The thrill of the attack
One truism that we get to hear a lot these days - ever since Steve Waugh's Australians took the modern game to a pinnacle - is how Test cricket has been improved by the values of one-day cricket, especially as regards aggressive batting and fielding. Well, in this game we saw some of the values of traditional Test cricket being applied in a one-day game.
Fast bowlers thundered in and bowled fine wicket-taking spells, with absolutely no concern for saving runs, just a burning desire to get the batsman out. It made for fantastic cricket, and even though more of Pakistan's bowlers bowled in this manner, India won because they counter-attacked superbly. This was always going to be an exciting series, because the emotions were so charged, but the cricket has been equally electric.
Irfan Pathan was the pick of the Indian bowlers, getting two early wickets, and bowling in a manner that Pakistan's batsmen will surely see more of in the Test series: left-arm over, pitching on the stumps, straightening into the right-hand batsman. Shahid Afridi, a man who surely doth attack too much, got himself out with a characteristically loose shot, but Yousuf Youhana's dismissal was well earned.
Youhana, whose initial movement is to thrust his left foot way across, often survives lbw shouts because his front foot is outside off at the point of impact. Left-arm fast bowlers also often have lbw shouts against right-handers turned down because they pitch outside leg. Pathan had two appeals turned down against Youhana because of the above two reasons, and then worked him around until he got one to pitch on middle and straighten, hitting Youhana's front foot in line with middle stump. It was classical Test cricket.
None of his fellow Indian bowlers showed the stomach for such relentless attack. Even Murali Kartik, who has bowled some fine attacking spells in one-dayers in India, flighting the ball and tempting batsmen to their doom, bowled more of a defensive line, concentrating on pitching it outside leg and denying batsmen the chance to score freely. Of course, one makes strategy according to the abilities of one's men, and it mostly worked for India, as Pakistan, after losing early wickets, had to temper any ambitions of picking up the momentum, reaching 206 for 4 in 42. But Inzamam-ul-Haq had batted magnificently in ensuring his team didn't slip off the slope they were on, and, along with Abdul Razzaq, took full toll of some uninspiring bowling at the end to take the score to 293.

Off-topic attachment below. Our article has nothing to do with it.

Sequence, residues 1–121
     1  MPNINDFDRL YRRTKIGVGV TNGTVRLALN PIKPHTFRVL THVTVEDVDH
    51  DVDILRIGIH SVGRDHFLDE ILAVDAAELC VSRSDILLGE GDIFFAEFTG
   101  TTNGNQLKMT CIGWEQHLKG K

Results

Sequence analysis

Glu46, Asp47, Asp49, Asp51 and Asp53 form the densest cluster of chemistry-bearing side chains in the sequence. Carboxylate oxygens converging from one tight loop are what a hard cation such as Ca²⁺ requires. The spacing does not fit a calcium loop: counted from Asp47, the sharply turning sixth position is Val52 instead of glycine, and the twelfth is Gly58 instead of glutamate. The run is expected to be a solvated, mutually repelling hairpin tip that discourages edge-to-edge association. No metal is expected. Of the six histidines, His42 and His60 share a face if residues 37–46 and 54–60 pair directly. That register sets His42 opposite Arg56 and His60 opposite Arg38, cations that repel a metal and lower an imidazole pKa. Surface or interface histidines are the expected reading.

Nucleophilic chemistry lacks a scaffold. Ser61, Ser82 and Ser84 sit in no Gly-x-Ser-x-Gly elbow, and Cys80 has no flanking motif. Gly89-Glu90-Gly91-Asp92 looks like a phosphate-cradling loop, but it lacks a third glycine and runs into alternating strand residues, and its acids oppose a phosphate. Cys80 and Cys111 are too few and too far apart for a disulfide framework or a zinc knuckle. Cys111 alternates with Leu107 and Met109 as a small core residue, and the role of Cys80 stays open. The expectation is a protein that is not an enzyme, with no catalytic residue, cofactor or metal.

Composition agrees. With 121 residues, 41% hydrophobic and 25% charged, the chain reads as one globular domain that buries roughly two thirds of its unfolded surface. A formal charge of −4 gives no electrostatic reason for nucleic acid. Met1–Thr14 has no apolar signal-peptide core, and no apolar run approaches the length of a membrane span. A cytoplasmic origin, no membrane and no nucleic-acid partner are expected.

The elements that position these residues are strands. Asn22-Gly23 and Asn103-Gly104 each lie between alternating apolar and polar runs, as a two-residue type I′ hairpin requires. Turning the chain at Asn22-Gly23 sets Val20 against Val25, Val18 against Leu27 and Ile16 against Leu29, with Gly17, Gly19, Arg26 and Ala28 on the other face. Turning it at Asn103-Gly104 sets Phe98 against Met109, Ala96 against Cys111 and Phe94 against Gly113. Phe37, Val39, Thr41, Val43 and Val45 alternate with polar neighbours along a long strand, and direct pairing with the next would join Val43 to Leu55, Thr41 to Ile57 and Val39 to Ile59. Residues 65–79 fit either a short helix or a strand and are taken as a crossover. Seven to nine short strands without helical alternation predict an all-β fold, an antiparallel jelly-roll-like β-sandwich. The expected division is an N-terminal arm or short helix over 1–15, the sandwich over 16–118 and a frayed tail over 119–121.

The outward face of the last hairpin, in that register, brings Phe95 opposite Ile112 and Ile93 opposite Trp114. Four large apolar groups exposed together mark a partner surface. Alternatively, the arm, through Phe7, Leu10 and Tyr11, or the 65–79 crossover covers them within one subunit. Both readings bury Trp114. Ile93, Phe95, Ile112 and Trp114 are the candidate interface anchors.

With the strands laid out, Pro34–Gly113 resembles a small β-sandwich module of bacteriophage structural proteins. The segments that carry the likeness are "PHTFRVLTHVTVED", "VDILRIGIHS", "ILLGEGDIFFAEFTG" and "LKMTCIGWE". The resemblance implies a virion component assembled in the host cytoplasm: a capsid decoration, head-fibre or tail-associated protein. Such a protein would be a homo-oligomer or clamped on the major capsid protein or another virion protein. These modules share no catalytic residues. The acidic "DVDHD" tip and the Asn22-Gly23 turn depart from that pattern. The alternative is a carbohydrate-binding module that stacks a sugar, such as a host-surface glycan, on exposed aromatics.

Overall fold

Pakistan's bowlers, especially Shoaib Akhtar, then came out steaming, and picked up four Indian wickets in the first hour. But, exhilaratingly, India scored 94 in the 13 overs bowled in that time. How often do you see 94 for 4 at the first drinks interval of a one-day innings? The Indians counter-attacked brilliantly, and while they benefited from a few inside edges, and many extras - a consequence of the bowlers straining too hard to knock the batsmen over - they also played some spectacular shots.
Surely, at that stage, they'd consolidate. Instead, they continued attacking. Rahul Dravid and Yuvraj Singh, who had famously added 99 in 102 balls against Pakistan in last year's World Cup match at Centurion, now added 68 in 64 - and there were ten fours in their partnership. There was no panic, though. They backed their ability to match Pakistan's bowlers, hit Akhtar out of the attack with some classical cricket strokes, and as the wickets dried up, the runs flowed.
Yuvraj was out in the 24th over, at the end of which India were 165 for 5. Some quiet consolidation was surely called for now, and Dravid and Mohammad Kaif did, in fact, milk the bowling for a while. But they also played some beautiful textbook strokes, as they sailed to the target with 30 balls to spare, at 6.2 an over.
Dravid's calmness, Inzamam's brilliance, the hostility of Pathan, Akhtar and Mohammad Sami - it's going to be one hell of a final one-day international, and it's going to be an outstanding Test series too. If this is what India-Pakistan cricket is all about, well, give us more.
Amit Varma is managing editor of Wisden Cricinfo in India.